"We were the first outlet to interview him and the first to report his second arrest. And the coverage we did, along with other outlets, weighed on the decision of the judiciary, absolutely rare, to permit him to go home to treat his health,” Salvadori said.
Another significant piece of reporting from Ponte covered the arrest of 18 youths who were on their way to a demonstration in São Paulo in September 2016. The site got the scoop that a Brazilian Army spy had infiltrated the group of demonstrators and that he allegedly spent two years monitoring social movements in São Paulo. The information had national repercussions and was republished by other media outlets.
"When we do a report that helps to release a person who was unfairly arrested, it is more important than to have an impact at the other end [on news coverage]," Caramante said. "But it is also very good when a report from Ponte is reproduced nationally, when Ponte is mentioned by some scoop, when the traditional outlets follow up on Ponte’s reports. That's very good, it's a sign that what we've done has echoed."
A majority of the 10 people working for the site have other jobs besides Ponte. That's because the site's revenue still does not allow full pay for the entire team and occasional collaborators.
In the first three years of Ponte, reporters and editors worked voluntarily, producing content for the site in their spare time, Salvadori explained.
"We considered that we would not be able to get funding for this work if we ran to investors just with the idea of creating an outlet that denounces State violence and speaks of crimes committed by police officers involving black residents, women and poor people in the periphery. We thought it would be better to do something, to have something ready, and then run after funding," he explained.
Then, in 2017, Ponte launched its first collective financing campaign, which raised R $74,000 in 60 days (about US $19,100), according to the site. The campaign involved well-known names in Brazilian culture and social movements, such as singer-songwriter Chico Buarque, social scientist Silvia Ramos and Orlando Zaccone, chief of the Rio de Janeiro Civil Police.
From that campaign,”one thing led to another,” Antonio Junião, illustrator and editor of the site, told the Knight Center. "We got funding from Open Society and other foundations started looking for us because they heard about our work."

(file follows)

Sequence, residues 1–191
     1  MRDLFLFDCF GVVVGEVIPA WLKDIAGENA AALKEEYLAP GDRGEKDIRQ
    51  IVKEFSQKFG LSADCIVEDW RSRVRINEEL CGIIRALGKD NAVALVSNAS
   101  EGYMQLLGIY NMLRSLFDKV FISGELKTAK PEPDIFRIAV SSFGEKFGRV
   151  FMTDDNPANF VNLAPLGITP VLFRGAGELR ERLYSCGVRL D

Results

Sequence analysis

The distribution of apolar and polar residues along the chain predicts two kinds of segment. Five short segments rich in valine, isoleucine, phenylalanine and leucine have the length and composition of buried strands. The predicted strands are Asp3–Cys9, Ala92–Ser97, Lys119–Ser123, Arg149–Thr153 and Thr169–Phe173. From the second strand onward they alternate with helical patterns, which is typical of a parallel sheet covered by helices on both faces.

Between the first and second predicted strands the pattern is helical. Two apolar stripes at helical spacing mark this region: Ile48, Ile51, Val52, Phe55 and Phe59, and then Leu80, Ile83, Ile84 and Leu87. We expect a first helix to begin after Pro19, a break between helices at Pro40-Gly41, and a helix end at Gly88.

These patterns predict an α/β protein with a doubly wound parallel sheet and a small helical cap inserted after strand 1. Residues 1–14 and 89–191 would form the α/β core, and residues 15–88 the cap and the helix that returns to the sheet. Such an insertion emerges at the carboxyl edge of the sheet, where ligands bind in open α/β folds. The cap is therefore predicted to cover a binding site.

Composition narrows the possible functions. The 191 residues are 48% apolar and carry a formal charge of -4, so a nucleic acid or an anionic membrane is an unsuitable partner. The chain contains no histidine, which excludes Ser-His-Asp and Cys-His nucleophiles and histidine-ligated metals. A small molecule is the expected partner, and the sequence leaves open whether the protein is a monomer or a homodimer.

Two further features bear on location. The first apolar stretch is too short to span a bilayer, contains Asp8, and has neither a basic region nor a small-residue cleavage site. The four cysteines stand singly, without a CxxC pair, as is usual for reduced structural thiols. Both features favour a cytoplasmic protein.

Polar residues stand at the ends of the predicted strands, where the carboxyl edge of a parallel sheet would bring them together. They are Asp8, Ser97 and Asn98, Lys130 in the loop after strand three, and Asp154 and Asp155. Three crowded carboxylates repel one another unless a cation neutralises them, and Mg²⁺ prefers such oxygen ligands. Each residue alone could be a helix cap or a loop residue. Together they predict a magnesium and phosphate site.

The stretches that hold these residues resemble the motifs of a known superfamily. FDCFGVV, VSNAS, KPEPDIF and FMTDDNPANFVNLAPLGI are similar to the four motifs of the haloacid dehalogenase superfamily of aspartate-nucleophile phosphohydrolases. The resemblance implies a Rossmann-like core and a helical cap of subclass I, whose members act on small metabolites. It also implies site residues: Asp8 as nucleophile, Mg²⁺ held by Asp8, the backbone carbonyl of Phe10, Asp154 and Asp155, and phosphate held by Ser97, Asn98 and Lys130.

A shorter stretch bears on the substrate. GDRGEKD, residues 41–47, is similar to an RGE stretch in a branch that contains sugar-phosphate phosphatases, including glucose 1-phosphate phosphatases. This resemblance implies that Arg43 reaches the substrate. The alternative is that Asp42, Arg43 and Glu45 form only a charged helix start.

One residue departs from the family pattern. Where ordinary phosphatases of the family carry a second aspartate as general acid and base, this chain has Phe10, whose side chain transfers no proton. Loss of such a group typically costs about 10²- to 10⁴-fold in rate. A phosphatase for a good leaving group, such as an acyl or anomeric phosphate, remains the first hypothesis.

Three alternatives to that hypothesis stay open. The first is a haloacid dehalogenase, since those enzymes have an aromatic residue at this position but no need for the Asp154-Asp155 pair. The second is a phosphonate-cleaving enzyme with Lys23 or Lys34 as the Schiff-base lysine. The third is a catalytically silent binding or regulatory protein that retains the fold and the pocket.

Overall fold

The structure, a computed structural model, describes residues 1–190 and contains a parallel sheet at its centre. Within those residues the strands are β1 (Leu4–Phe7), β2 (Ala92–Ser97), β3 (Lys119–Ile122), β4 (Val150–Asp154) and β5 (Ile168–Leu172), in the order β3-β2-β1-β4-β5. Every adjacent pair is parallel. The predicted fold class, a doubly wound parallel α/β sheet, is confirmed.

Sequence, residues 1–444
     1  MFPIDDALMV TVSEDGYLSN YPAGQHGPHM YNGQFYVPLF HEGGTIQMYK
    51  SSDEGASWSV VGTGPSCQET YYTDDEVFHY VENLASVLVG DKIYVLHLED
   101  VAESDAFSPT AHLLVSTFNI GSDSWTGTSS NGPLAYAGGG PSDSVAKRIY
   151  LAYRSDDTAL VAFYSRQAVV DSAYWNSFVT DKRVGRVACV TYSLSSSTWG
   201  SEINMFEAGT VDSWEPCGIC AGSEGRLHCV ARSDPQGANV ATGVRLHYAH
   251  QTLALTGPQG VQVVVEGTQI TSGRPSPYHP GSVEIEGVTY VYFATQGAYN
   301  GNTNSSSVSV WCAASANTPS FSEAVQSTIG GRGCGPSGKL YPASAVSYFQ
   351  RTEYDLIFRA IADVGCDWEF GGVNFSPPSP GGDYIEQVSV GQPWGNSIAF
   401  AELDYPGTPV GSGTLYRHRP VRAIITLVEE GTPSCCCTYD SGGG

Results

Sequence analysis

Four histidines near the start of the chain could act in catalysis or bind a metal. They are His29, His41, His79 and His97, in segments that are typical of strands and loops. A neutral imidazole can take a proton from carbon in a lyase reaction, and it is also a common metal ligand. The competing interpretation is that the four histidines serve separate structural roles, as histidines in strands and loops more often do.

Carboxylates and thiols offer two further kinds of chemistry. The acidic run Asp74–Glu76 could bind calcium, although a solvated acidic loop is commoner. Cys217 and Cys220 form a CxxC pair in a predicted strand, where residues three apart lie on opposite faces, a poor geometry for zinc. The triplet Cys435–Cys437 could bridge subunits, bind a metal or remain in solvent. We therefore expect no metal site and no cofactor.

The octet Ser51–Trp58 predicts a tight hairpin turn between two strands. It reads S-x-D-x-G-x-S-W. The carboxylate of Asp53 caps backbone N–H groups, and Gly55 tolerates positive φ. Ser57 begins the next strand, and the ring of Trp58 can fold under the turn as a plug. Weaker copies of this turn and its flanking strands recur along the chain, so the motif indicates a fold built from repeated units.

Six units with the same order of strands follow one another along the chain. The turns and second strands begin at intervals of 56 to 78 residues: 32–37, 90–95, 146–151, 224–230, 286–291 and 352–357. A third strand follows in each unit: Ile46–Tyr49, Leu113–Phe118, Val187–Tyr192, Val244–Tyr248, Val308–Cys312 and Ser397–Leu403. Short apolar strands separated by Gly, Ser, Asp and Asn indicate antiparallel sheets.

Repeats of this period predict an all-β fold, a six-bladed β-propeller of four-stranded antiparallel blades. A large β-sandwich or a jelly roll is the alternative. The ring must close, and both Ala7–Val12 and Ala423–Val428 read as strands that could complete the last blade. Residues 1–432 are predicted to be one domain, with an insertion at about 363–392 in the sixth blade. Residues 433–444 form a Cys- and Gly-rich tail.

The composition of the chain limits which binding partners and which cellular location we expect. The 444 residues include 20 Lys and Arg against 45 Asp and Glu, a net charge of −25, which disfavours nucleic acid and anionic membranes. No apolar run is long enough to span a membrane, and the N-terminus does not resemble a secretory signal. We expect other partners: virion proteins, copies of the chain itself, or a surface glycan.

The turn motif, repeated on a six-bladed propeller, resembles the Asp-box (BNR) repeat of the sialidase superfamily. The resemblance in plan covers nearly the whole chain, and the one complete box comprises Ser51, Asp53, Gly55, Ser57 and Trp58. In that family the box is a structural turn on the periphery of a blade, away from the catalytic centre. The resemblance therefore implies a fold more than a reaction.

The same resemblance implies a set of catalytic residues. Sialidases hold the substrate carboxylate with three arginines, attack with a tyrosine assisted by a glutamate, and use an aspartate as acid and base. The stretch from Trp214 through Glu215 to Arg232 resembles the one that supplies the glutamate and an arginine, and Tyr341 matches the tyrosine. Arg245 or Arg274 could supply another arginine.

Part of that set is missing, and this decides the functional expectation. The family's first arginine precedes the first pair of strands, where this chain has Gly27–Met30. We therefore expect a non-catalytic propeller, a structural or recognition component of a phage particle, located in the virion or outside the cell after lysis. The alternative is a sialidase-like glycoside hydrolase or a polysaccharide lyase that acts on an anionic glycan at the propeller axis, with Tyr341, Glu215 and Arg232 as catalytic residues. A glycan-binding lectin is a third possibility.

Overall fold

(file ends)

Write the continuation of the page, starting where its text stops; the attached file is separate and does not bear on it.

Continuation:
These foundations fund specific projects, such as two currently being coordinated by Junião: a series of video reports on former inmates of the Brazilian prison system, scheduled for launch in 2020, and a monitoring platform for homicides perpetrated by police in the State of São Paulo, which should be launched at the beginning of the second part of this year.
In addition to funding from foundations, since February 2018, Ponte has had a recurring collective financing campaign called "Construa Ponte" (Build Ponte). The campaign currently has 299 fixed supporters, whose total contributions are at R $ 5.526 (about US $1,400) per month.
"Ponte's main challenge today is to be able to stay alive and have the structure to continue working," Junião said. "Making journalism is not cheap. We get specific incentives to move forward, but our biggest challenge is getting people to understand that our outlet is important and so it needs to survive."
For this, Ponte needs to broaden its audience beyond who supports the site’s editorial line Caramante said. "Ponte needs to attract people who may be totally against the journalism that we practice. We need to try different languages, talk to the youth, talk to ladies and gentlemen who love conventional police journalism shows,” he said.
In this sense, making use of a paywall, restricting access to Ponte’s content only for supporters, is out of the question, Salvadori said.
"We want our material to be seen by as many people as possible. Our material is uncomfortable. Ponte was born to expose a reality that people do not want to see. So [a challenge is] to get people to see what they do not want to see," he said.
Because of its connection with social movements, its commitment to the defense of human rights and its denunciations of State abuses, is Ponte an activist journalistic media outlet?
Maria Teresa Cruz, editor and reporter for Ponte, considers that it is a journalistic media outlet, but not an activist one. "However, Ponte has a side: the side of the person violated by the State," she said.
"Activism is super important, we even have activist groups as partners, but I do not like to put Ponte there because I think it harms the journalistic part. For example, if I have to report an error committed by the side that theoretically, by my worldview, is more like mine, will I not report it? Activism does this, we do not," she said.
Caramante, on the other hand, has a vision that reconciles the two spheres. "Our banner is journalism. So yes, we are activists, but of journalism. We practice what we understand as good journalism: we have a journalistic practice, we value not exposing people in a way that we consider unjust. Yes, we are activists of journalism."